77% Favor Mandatory Prison Sentences and GPS Monitoring for Sexual Predators Targeting Children
Seventy-seven percent (77%) of Americans say sex offenders who prey on children should serve 25 years to life in prison and be electronically monitored for life for committing a sexual assault against children who are 13 years of age or younger, according to a new national survey conducted by Mason-Dixon Polling & Research, Inc. Just 15% oppose such penalties. Another 8% aren't sure.
"Each year, thousands of children fall prey to sexual offenders so it's not surprising that Americans overwhelmingly favor tougher sentences as called for in "Jessica's Law" which is now the standard in 44 states. Americans are tired of reading about another abducted or murdered child at the hands of a repeat sex offender. They're ready for tough sanctions against those who sexually assault our children," said Stacie Rumenap, president of Stop Child Predators.
When asked about sex offenders serving 25-year prison sentences for committing a sexual assault against a child 13 years of age and younger, 71% agree. Just 17% disagree, and 12% are undecided.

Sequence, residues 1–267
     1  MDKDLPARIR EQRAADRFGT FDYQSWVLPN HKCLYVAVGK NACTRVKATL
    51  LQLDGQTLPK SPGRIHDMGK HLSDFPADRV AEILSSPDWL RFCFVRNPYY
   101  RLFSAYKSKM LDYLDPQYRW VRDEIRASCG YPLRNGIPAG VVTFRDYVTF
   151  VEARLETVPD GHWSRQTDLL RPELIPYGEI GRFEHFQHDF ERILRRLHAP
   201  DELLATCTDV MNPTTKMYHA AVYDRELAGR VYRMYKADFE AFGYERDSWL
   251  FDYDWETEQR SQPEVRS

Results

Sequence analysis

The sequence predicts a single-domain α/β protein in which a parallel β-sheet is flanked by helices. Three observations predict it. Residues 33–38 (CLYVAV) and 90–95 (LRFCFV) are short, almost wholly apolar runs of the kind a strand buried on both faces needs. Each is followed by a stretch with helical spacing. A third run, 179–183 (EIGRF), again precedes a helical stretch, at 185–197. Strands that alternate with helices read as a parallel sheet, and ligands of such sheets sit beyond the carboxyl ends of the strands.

Similarly, 83% of adults agree that as a condition of release from prison, sex offenders should be permanently monitored by electronic devices. Nine percent (9%) disagree, and 8% are undecided.
Men (87%) believe more strongly than women (73%) that sex offenders should serve prison sentences of 25 years to life and face lifetime monitoring restrictions for the sexual assault on a child 13 years of age and younger.
The law is named after Jessica Lunsford, a nine-year old girl who was abducted, raped, and murdered in Florida in 2005 by a twice-convicted sex offender. The law requires mandatory minimum sentences of 25 years to life and lifetime electronic monitoring for convicted sex offenders.
The survey was conducted February 22-23, 2011 by Mason-Dixon Polling & Research, Inc. One thousand registered voters were interviewed nationally by telephone. The margin of sampling error is no more than plus or minus 3.2 percent. Those interviewed were selected by the random variation of the last four digits of telephone numbers. A cross-section of exchanges was utilized in order to ensure an accurate reflection of the country.
Contact Stacie Rumenap at firstname.lastname@example.org for the full survey information or with other questions regarding the survey.